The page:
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Space: Yes?

Ever since the evolution of Homo sapiens, humans have looked up. What they saw was an endless sea of stars. One planet stood out among the rest– the planet Mars. In relatively recent times, we have developed the technology necessary to leave our crowded planet and emerge into the lonely regions of space. The ability does not come lightly. Every year, NASA spends almost 10 billion dollars. We have taken the first small step, a mission to the moon, but now it is time for a mission to Mars. As we speak, the preparations are taking place. One very important question that must be answered concerns the length of the trip. The loosely planned date for people to go to Mars is sometime in the 2030’s, and unless we develop a warp drive in that time, the journey will take around 6 months, with 500 days on Mars, and another 6 months coming back. So, how will humans cope with the isolation? How will it feel standing 54.6 million kilometers away from everything and everyone you’ve known? To answer some of these questions, NASA has financed a project that is taking place on a Mauna Loa volcano. The project is called the Hawaii Space Exploration Analog and Simulation, or Hi-Seas for short. The goal of the project is to study how well a small group of people, without outside contact, work and get along together.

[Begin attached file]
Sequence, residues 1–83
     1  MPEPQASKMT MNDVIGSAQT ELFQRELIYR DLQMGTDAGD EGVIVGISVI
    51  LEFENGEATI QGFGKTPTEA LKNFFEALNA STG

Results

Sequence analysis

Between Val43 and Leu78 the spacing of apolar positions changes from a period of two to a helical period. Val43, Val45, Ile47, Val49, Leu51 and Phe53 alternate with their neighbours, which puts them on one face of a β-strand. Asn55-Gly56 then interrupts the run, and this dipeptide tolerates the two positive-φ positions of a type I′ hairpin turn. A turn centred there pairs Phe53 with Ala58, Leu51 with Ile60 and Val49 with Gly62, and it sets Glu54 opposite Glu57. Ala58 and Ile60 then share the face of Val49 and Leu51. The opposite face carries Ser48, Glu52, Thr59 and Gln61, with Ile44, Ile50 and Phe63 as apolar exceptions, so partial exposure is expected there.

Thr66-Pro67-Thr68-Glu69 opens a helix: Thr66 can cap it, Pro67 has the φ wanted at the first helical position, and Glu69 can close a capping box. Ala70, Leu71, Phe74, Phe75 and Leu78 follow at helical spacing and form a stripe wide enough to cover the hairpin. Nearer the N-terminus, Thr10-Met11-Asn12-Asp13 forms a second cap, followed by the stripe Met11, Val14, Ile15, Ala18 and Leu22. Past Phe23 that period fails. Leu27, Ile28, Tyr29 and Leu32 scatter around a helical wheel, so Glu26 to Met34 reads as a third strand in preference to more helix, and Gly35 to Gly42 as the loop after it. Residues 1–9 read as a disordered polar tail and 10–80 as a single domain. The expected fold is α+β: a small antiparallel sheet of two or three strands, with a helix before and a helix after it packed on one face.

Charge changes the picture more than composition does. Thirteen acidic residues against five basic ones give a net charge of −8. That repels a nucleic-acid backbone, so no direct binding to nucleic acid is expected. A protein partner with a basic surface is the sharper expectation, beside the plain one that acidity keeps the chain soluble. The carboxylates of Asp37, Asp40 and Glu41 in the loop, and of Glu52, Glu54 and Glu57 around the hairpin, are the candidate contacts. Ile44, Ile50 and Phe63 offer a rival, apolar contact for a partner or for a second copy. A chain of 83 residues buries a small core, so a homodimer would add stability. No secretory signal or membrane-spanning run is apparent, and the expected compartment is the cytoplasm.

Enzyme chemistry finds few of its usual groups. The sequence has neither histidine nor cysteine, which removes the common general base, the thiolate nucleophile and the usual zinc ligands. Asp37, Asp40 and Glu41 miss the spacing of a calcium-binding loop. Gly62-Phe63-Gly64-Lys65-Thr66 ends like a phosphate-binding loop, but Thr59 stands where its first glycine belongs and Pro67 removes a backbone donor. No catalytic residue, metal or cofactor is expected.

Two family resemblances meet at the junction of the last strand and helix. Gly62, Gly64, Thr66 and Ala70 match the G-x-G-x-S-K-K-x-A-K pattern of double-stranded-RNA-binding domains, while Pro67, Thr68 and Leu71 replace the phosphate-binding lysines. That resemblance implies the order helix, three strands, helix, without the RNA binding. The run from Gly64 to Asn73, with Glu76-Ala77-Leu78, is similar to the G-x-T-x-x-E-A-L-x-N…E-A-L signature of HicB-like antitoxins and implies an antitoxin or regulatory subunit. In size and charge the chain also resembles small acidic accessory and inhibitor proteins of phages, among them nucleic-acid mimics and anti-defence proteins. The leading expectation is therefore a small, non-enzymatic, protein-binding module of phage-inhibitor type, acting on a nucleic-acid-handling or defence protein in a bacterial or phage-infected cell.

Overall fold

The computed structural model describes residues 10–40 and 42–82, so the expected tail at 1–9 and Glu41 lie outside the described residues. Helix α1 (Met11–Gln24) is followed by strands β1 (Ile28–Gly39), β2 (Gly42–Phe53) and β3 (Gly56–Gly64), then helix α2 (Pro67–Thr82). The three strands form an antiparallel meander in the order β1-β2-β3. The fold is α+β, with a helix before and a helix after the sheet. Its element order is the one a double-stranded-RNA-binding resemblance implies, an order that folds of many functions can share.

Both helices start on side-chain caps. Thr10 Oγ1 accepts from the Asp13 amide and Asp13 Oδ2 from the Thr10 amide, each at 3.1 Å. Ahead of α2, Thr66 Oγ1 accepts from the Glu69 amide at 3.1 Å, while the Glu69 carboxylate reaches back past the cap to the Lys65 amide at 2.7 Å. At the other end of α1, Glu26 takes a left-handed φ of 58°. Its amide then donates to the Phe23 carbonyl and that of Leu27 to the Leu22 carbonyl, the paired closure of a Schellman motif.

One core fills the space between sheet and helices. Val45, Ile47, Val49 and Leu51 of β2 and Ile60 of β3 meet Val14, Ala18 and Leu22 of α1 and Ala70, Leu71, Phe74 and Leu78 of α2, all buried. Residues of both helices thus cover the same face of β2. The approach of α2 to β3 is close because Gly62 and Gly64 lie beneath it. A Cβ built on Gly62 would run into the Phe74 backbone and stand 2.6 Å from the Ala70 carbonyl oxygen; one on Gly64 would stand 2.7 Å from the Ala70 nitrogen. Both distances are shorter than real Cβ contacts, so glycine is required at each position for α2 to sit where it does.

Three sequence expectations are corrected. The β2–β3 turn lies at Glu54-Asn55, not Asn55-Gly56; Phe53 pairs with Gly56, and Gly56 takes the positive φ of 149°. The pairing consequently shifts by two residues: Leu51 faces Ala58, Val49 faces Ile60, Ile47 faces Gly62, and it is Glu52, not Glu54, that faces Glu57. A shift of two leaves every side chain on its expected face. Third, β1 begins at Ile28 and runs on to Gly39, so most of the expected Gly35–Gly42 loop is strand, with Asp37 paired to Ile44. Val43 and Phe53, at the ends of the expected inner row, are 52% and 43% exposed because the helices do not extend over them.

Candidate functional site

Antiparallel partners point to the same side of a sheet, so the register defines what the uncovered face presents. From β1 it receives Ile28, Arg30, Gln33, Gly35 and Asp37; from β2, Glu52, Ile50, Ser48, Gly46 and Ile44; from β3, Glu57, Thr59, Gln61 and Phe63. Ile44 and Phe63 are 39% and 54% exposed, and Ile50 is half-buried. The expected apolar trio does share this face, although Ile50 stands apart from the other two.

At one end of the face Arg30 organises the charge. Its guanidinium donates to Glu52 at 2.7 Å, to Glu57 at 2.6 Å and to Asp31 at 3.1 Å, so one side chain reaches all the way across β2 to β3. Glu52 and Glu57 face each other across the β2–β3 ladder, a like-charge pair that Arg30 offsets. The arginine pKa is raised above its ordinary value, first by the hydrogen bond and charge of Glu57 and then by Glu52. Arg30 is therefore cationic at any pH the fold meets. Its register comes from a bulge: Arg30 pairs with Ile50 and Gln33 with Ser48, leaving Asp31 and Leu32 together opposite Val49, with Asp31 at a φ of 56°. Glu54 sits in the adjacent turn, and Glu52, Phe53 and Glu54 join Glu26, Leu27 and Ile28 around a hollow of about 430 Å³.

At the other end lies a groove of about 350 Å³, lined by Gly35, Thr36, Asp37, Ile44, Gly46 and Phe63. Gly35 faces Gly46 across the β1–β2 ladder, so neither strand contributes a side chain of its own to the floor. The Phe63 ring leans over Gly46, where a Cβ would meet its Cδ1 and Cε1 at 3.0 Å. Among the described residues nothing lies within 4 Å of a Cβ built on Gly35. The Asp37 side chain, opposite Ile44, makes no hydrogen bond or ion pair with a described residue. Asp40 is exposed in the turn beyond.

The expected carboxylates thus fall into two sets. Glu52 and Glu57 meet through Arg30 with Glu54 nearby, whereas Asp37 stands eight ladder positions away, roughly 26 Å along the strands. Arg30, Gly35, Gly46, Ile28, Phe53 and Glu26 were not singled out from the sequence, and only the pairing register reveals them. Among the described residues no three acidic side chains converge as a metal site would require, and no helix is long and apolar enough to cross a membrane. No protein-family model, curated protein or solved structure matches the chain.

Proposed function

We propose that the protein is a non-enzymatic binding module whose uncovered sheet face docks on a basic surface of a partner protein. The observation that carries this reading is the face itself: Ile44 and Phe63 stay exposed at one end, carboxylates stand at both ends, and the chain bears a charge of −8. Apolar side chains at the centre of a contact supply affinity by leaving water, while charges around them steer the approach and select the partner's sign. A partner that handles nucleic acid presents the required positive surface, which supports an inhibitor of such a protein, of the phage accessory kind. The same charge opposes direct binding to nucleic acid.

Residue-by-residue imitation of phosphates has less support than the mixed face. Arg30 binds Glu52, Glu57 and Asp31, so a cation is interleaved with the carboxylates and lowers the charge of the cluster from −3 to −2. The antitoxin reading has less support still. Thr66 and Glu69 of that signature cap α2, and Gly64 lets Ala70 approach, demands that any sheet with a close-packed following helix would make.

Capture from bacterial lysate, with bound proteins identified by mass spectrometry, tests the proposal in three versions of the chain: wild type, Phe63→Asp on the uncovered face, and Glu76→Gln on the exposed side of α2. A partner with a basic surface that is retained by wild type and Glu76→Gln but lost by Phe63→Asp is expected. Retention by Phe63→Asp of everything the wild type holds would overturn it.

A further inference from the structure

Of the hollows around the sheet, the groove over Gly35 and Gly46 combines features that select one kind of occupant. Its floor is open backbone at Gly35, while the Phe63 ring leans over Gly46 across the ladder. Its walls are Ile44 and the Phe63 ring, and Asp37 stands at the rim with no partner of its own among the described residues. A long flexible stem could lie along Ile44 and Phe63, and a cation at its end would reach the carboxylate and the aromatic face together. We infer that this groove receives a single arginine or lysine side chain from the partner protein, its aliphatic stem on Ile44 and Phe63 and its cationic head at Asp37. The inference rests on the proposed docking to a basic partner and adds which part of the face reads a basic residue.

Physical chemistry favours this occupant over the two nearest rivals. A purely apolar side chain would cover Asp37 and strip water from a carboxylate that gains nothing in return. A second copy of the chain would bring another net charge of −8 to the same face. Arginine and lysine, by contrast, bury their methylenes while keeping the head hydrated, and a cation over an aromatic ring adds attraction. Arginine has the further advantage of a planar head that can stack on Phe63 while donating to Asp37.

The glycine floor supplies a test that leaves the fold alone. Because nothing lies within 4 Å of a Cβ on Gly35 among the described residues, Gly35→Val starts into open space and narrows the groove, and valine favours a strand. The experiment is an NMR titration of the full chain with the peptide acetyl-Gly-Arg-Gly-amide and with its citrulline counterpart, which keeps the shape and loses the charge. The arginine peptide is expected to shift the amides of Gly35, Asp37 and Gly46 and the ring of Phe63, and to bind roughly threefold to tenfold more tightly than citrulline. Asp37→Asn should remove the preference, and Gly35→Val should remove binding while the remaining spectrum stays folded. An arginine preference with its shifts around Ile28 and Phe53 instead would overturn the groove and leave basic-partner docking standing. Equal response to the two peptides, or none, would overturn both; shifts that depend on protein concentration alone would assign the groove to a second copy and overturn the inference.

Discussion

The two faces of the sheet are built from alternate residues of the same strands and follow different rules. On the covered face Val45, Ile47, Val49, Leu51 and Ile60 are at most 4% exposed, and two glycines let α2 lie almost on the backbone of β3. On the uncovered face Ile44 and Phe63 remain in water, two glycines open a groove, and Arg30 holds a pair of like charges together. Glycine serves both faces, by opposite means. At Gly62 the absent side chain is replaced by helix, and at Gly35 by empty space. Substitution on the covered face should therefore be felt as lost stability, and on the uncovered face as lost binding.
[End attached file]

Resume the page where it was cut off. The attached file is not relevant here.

There are many problems that could arise during the 8 month simulation. Isolation could lead to depression. Also, personality conflicts could escalate very quickly. A Lord of the Flies scenario would not be ideal for the real mission to Mars. Even though the goal is to maintain cohesion between people, cohesion can lead to independence, and therefore conflict from mission control. In the 3rd quarter is when things might fall apart. The interesting part is that no one really knows what is going to happen. The communication that the test subject would have with the outside world is very limited. They can only use e-mail, and each message will be delayed 20 minutes before being sent. In addition to this, it will take upwards of 40 minutes for anyone to reply to simulate lag time from space. Accurate time conversation would be impossible.

150 people applied to participate in the study, and only 6 were chosen, based on their backgrounds and personalities. The commander is Martha Lenio, 34, an entrepreneur looking to start a renewable-energy consulting company. Other crew members are Jocelyn Dunn, 27, a Purdue University graduate student; Sophie Milam, 26, a graduate student at the University of Idaho; Allen Mirkadyrov, 35, a NASA aerospace engineer; and Zak Wilson, 28, a mechanical engineer who worked on military drone aircraft at General Atomics in San Diego. For their time, each is receiving round-trip airfare to Hawaii, an $11,500 stipend, food and, of course, lodging. They even get to take “space walks” outside of the dome. These individuals might represent the future of human space travel. NASA refuses to go on until this is solved. So now, we must watch, wait, and hope, that one day humans can wander among the stars.